A wind turbine, which will provide only 1 percent of the building’s power, will be housed at the site predominantly for exhibition and educational purposes.

“This building is all about teaching and showing the tools of sustainable design,” Cory said. “We are putting in many things in order for people to be able to explore this technology, these methods.”

Another sustainable technology that the building will be employing is a gray water system, where water from sink use and toilet flushing will be transferred for biological plant treatment to the ponds below, and then also used to water vegetation.

“We will encourage the students to use the bathroom so that we have enough water,” Nesher said, laughing.

Ideally, the school would love to be able to use the water to flush toilets inside the building, but this technique is not yet permitted by the Health Ministry.

A garbage-recycling system within the building will also be partially visible to visitors and students, providing decoration through a glass wall, Raz said.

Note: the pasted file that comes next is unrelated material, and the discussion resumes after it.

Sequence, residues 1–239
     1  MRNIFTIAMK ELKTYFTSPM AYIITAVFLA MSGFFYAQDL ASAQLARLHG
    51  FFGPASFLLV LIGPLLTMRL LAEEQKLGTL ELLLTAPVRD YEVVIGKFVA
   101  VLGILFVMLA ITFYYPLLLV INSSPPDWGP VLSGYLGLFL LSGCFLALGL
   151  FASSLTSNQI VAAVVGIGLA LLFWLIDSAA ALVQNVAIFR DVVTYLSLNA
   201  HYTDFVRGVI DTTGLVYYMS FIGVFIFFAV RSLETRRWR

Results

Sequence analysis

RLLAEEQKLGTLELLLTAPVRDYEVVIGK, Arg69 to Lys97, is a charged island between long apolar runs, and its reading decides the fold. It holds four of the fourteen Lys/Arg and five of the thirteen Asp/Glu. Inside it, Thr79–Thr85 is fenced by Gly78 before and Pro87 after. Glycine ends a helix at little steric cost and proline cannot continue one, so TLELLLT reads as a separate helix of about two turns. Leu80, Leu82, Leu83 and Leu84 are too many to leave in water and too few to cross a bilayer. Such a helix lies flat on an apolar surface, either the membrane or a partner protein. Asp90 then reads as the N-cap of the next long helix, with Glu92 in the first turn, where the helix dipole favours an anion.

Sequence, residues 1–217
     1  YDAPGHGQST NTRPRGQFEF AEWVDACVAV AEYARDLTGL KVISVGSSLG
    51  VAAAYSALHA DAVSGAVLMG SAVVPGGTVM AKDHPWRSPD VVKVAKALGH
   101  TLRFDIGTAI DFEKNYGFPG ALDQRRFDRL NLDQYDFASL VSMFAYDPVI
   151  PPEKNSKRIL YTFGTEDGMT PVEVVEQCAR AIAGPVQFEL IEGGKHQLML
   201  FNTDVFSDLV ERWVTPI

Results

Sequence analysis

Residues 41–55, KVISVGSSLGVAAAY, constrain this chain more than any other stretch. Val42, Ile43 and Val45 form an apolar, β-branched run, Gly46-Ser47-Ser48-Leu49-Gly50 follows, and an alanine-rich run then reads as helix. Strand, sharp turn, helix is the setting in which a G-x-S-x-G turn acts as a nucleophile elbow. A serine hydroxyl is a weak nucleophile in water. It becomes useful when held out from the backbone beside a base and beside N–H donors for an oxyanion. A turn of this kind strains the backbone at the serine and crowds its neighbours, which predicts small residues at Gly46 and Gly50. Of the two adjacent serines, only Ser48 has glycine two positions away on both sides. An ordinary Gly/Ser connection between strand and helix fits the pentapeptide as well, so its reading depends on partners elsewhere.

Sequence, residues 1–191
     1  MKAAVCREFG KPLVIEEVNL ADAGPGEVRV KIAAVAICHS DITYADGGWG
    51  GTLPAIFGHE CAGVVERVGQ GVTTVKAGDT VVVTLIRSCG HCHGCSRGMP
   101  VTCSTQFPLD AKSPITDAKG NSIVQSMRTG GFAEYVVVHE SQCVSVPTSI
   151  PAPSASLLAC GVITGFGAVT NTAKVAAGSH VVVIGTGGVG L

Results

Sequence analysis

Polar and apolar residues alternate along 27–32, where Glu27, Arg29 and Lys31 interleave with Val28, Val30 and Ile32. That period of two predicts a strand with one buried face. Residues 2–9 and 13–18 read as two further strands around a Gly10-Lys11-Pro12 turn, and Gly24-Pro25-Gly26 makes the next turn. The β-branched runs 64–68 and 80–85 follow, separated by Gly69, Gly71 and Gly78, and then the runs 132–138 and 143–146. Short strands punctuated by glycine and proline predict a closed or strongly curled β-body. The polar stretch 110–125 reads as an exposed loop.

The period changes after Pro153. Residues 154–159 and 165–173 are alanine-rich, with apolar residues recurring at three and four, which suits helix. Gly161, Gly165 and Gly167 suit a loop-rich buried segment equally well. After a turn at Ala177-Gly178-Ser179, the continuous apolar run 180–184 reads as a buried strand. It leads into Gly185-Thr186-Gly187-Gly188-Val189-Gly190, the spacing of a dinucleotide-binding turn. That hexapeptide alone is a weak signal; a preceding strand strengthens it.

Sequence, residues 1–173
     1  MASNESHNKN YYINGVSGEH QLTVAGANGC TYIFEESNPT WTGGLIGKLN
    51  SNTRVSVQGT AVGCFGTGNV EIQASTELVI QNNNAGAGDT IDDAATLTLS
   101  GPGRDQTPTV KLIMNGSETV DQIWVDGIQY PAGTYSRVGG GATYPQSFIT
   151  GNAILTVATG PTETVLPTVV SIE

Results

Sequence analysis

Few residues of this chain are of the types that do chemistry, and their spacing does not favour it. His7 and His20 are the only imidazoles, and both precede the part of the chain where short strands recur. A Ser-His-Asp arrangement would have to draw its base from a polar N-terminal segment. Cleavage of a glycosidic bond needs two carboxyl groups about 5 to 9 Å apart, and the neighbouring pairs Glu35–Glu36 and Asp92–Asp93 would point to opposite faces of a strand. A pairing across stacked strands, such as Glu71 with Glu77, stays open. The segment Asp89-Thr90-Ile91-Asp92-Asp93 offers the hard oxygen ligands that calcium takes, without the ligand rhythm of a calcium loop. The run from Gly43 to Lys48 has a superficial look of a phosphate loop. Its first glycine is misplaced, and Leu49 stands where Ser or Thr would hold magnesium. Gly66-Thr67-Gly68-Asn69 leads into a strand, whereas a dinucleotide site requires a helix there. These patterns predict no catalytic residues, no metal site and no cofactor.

In the building lobby, TV screens will display in real time exactly how much the building is saving at the moment and how much energy is being used, according to Cory. On the outdoor portion of the capsule the architects will install energy-efficient LED lights that show the current pollution level in the Gush Dan region, according to the laser measurements of a rooftop meter, he added.

Outside the building, a promenade will connect the train station to the area, and then wrap around the structure and into Ramat Aviv, Raz said. Four balconies along the boardwalk facing Gush Dan will act as observation points, where school officials hope to hold environmental exhibitions.

Eventually, the designers would like to build a bridge connecting University Gate 14 to the new building, stretching over the road and the existing roundabout, to be named Shirley and Leslie Porter Square, Raz said.